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Bracing for 5G


The 5GPPP believes that 5G standardization could start as early as 2016, with a first release of 5G capabilities being tested in 201

Spectrum, spectrum, spectrum

A key difference between 5G and earlier generations of mobile technology is that the focus of research is on finding the best techniques to improve spectrum utilization (bits per Hertz per unit area), rather than on improving spectrum efficiency (bits per Hertz). Enhancements to spectral efficiency are constrained by interference and background noise, meaning that improvements through coding and modulation design trend less effective an increasingly difficult. On the other hand, new technological approaches can substantially improve spectrum utilization, defined as bits per Hertz per cell (or area). These technologies can also enable networks to become more flexible and suitable to carry some of the new applications and use cases that are imagined in the 5G world.

Some of these technologies include small cells, massive Multi Input Multi Output (MIMO) radio transmission, and dense meshed cells (more on that later). The goal of improved spectrum utilization is to deliver more consistent service that is location agnostic, while simultaneously reducing latency and boosting speed.

According to Anaylsys Mason, many of the technologies being researched are inherently better suited to being deployed in very high frequency bands – in the ‘millimeter' range of radio spectrum. Current 5G research includes trials that are being conducted in bands such as 15GHz, 28GHz, 60GHz and 70GHz, which are substantially higher bands than mobile communications has traditionally used.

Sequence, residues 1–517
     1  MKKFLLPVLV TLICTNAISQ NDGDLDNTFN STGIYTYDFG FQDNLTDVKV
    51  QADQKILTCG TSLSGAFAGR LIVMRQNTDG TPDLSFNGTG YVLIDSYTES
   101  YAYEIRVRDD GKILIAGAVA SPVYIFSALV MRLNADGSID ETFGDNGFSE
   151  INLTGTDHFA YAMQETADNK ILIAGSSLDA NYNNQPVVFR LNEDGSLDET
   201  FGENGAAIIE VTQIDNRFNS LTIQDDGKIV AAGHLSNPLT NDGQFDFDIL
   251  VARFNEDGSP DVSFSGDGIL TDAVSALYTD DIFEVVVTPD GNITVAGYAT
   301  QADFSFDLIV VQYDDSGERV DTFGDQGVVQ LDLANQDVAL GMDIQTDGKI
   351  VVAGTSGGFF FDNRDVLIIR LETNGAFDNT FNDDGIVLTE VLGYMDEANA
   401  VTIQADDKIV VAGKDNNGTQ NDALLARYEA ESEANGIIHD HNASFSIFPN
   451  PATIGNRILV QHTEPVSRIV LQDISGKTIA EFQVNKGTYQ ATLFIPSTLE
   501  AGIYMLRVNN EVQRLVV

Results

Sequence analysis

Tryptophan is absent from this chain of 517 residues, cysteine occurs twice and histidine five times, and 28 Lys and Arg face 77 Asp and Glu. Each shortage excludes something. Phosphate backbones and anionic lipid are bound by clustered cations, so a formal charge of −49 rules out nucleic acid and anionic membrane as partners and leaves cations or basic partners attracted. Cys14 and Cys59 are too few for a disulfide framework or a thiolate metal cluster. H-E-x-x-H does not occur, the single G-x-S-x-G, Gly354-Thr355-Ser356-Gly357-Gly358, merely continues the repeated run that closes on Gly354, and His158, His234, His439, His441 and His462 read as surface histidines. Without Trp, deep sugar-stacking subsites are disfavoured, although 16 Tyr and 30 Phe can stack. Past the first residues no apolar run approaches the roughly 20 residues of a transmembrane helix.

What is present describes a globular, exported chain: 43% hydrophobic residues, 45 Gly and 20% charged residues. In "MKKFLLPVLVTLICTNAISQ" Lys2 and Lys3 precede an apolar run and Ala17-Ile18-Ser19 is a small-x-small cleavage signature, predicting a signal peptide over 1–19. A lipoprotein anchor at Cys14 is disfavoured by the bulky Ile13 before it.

Spectrum in the millimeter range can better support the use of multiple, miniaturized antennas, and there is more bandwidth available in these ultra-high bands. In the US, the FCC has created an informative spectrum portal and a spectrum dashboard that is definitely worth checking out. 

"Millimeter-wave bands do not lend themselves to providing wide area coverage for mobile devices, and coverage will be essential for some envisaged 5G services, such as IoT applications such as for the automotive industry," wrote Jeanette Stewart, principal, Analysys Mason. "Therefore, further spectrum below 1GHz is expected to be needed in many countries to improve mobile broadband coverage. The spectrum needs for 5G might therefore encompass a range of existing and new bands, which potentially span a wide section of radio spectrum. Different bands will serve different purposes and a key aspect of 5G will be to integrate the various approaches and bands within a harmonized global framework.  Spectrum sharing is likely to be used in a far greater way, which may signal an end to further spectrum being reserved for exclusive mobile broadband use as 5G is introduced."

It’s all about the mesh

As indicated above, the future of networking will be a mesh architecture characterized by numerous connectivity types, federated providers, and devices, rather than the relatively autonomous architectures that typify the network today. In June of last year, ZTE released details of its proposed 5G dynamic mesh networking architecture. In this vision, 5G RAN (radio access network) technology is characterized by a dynamic mesh network based on IP backhaul. As a result, there could be many types of base stations, including UDN (user densification network), massive MIMO, traditional macro, and small cell. These various base stations would coordinate with each other horizontally more often than they do in 4G networks, and would require a dynamic and adaptive wireless mesh network. ZTE has researched SDA (software defined air-interface) technology, and in 2013 debuted its 5G SDA technology.

“ZTE’s 5G SDA solution allows self-adaptation of the air interfaces so that in the same network, a network element can supporting a variety of services, and the SDA can allow multiple wireless access technologies for optimal adaptation, maximising air interfaces efficiency,” ZTE wireless department CTO Xiang Jiying said,  “At present, SDA technology is a key research area for 5G.”  



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